| Abstract|| |
Objective: Direct microscopic visualization is the most specific method for detecting intestinal parasites and is commonly achieved by stool examination or mucosal biopsy. However, postfixation, the intestinal biopsy fragment is often curled, and the entire surface of the biopsied mucosa is seldom viewed microscopically. Tissue processing further distorts morphology of the organisms and causes diagnostic difficulties. Examining multiple sections for parasite detection is time-consuming and often requires aid of special stains and/or immunohistochemistry. To overcome these disadvantages, we hypothesized that the fixative in which biopsies are transferred may provide a valid representation of the biopsied mucosal surface and therefore aid in the identification of mucosal surface parasites.Materials and Methods: Formalin in which biopsies were transferred was retained, stored at 4°C and processed with a cytocentrifuge. Totally, 120 consequent duodenal biopsy fixatives were processed in this way and the cytocentrifuged smears visualized after May-Grunwald-Giemsa staining. Findings of these smears were correlated with their corresponding formalin fixed paraffin embedded tissue sections.Results: Cytocentrifuged formalin preparations were found to be representative of the mucosal surface contents. Giardia trophozoites were visualized in 10/120 preparations with distinct morphological characteristics which were seldom appreciable in tissue sections, eliminating the need for special stains. Furthermore, two of the corresponding histology sections did not demonstrate the parasites despite step sections, while in one case few parasites could be identified in the step sections. Conclusions: Cytocentrifuged fixative preparation is a simple and cost-effective technique which can be routinely employed for intestinal parasite characterization.
Keywords: Cytocentrifugation, fixative, formalin, Giardia, intestinal parasites
|How to cite this article:|
Joshi P, Das P, Iyer V, Gupta SD. Cytocentrifuged biopsy fixative preparation: A simple cost-effective technique facilitating microscopic diagnosis of lumen-dwelling intestinal parasites. Indian J Pathol Microbiol 2017;60:202-5
|How to cite this URL:|
Joshi P, Das P, Iyer V, Gupta SD. Cytocentrifuged biopsy fixative preparation: A simple cost-effective technique facilitating microscopic diagnosis of lumen-dwelling intestinal parasites. Indian J Pathol Microbiol [serial online] 2017 [cited 2020 Feb 24];60:202-5. Available from: http://www.ijpmonline.org/text.asp?2017/60/2/202/208390
| Introduction|| |
Parasitic infections comprise a significant proportion of the spectrum of gastrointestinal diseases, especially in the developing countries. They are of considerable importance as they reflect the status of hygiene and sanitation in a population and cause a wide spectrum of clinical manifestations. A multitude of parasites are known to cause gastrointestinal diseases in humans, and accurate characterization of the organism is essential to determine both clinical relevance and duration of therapy. Current diagnostic options available include a broad array of techniques ranging from microscopic examination to immunological and molecular assays. The choice of diagnostics utilized varies depending on the degree of clinical suspicion.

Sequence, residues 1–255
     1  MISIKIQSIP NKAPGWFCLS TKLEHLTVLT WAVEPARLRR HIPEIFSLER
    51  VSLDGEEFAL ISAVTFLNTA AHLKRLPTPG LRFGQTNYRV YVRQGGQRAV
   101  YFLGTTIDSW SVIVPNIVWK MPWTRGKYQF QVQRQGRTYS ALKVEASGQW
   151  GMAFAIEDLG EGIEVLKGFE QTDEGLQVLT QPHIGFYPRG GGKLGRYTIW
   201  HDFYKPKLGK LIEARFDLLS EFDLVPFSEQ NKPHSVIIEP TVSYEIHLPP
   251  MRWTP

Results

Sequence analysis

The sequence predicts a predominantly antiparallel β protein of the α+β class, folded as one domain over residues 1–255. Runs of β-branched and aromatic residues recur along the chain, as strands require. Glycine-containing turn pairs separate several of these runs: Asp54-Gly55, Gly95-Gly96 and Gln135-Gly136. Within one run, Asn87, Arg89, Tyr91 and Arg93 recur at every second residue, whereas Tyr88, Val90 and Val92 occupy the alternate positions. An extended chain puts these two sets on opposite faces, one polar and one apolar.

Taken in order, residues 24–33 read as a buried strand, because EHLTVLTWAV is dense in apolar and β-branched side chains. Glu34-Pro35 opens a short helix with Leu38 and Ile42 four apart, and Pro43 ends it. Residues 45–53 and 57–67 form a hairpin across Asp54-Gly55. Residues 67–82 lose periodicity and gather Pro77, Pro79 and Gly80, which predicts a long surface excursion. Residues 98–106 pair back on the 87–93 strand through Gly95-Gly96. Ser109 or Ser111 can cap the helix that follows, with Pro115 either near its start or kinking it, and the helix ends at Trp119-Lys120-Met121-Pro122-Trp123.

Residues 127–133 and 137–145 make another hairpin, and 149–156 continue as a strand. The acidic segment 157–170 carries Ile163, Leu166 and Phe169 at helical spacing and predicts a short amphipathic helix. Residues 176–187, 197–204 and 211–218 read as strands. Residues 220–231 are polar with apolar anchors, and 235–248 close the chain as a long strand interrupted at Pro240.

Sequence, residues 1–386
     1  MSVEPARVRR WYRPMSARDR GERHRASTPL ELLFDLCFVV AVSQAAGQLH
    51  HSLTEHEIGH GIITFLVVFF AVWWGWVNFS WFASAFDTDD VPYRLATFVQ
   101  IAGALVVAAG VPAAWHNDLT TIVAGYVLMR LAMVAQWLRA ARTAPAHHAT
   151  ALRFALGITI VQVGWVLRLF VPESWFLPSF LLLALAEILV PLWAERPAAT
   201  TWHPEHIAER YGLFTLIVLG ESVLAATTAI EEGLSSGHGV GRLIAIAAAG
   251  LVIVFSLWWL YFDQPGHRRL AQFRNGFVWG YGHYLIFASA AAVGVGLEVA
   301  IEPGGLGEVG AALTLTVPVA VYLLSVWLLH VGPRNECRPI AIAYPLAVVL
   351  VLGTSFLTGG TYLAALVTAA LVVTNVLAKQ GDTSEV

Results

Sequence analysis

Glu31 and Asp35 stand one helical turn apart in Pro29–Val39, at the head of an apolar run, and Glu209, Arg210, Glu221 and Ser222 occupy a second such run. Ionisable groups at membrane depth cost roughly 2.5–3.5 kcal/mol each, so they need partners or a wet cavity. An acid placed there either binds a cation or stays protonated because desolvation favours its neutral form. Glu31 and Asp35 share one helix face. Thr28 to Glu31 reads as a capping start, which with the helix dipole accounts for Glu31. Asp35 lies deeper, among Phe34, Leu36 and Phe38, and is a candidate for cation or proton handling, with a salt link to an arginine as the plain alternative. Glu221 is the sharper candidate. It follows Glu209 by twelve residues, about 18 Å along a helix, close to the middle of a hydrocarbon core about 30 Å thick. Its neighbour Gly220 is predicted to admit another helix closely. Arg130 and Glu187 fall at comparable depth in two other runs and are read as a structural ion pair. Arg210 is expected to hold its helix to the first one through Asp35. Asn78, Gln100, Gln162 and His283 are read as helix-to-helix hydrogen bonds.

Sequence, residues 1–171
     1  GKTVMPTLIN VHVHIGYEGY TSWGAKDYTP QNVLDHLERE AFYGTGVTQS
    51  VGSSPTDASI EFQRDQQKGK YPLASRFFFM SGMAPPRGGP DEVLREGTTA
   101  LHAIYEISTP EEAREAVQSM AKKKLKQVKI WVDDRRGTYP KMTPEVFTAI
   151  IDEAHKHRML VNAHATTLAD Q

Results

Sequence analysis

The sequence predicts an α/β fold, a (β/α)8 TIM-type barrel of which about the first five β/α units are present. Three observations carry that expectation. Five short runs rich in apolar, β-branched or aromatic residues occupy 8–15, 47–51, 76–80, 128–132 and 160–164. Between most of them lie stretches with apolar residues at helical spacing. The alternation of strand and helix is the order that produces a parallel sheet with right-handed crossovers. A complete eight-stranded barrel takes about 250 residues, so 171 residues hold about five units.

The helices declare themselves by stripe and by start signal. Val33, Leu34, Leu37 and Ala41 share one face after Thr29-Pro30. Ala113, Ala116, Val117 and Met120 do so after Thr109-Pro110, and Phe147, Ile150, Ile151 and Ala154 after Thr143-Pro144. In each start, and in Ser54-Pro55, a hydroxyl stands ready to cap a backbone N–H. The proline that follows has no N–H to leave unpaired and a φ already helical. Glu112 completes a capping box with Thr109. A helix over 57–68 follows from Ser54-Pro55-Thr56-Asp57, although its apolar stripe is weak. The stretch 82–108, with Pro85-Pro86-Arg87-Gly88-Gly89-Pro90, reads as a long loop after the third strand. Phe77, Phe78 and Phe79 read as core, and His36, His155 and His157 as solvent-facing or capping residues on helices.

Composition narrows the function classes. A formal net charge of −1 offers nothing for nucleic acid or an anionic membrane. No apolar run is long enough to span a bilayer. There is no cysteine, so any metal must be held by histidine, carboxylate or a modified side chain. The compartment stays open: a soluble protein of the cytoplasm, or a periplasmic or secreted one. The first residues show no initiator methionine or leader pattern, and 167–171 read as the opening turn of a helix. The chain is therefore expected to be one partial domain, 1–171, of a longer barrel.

Although a range of symptoms can be directly ascribed to intestinal parasites, in many cases they present as superadded infections over conditions such as celiac disease or inflammatory bowel disease, modifying their clinical course, or persist as silent/subclinical infections. The symptoms in many cases are also nonspecific. Specific targeted and expensive investigations are unlikely to be considered up front in these situations, and therefore it is imperative that a simple screening tool, done routinely, can identify and characterize the parasites with as high sensitivity and specificity as possible.
The most common of such screening tools employed is stool examination by microscopy, three separate samples of which can identify over 90% of the parasitic infections. The ideal number of samples to be examined however is debatable and varies with the prevalence of infections in the population along with the preparation technique and screener expertise.,, Concentration techniques and ELISA assays further improve the sensitivity, but overall these techniques are labor intensive and require high technical expertise. Further, in infections like Giardia, stool examination also has the disadvantage that the trophozoites disintegrate rapidly and cyst passage is extremely variable and not related to the clinical symptoms. Mucosal biopsies, though invasive, are commonly done during evaluation of various gastrointestinal diseases. The sensitivity of biopsies in the detection of Giardia is, however, variable and in general considered to be lesser than that of stool examination. This may be due to the focal/patchy nature of the infection, fixation, and tissue processing artefacts as well as due to the fact that the entire mucosal surface biopsied is seldom examined microscopically. Nevertheless, mucosal biopsies are often the last resort for establishing the diagnosis in cases where stool examinations have been negative.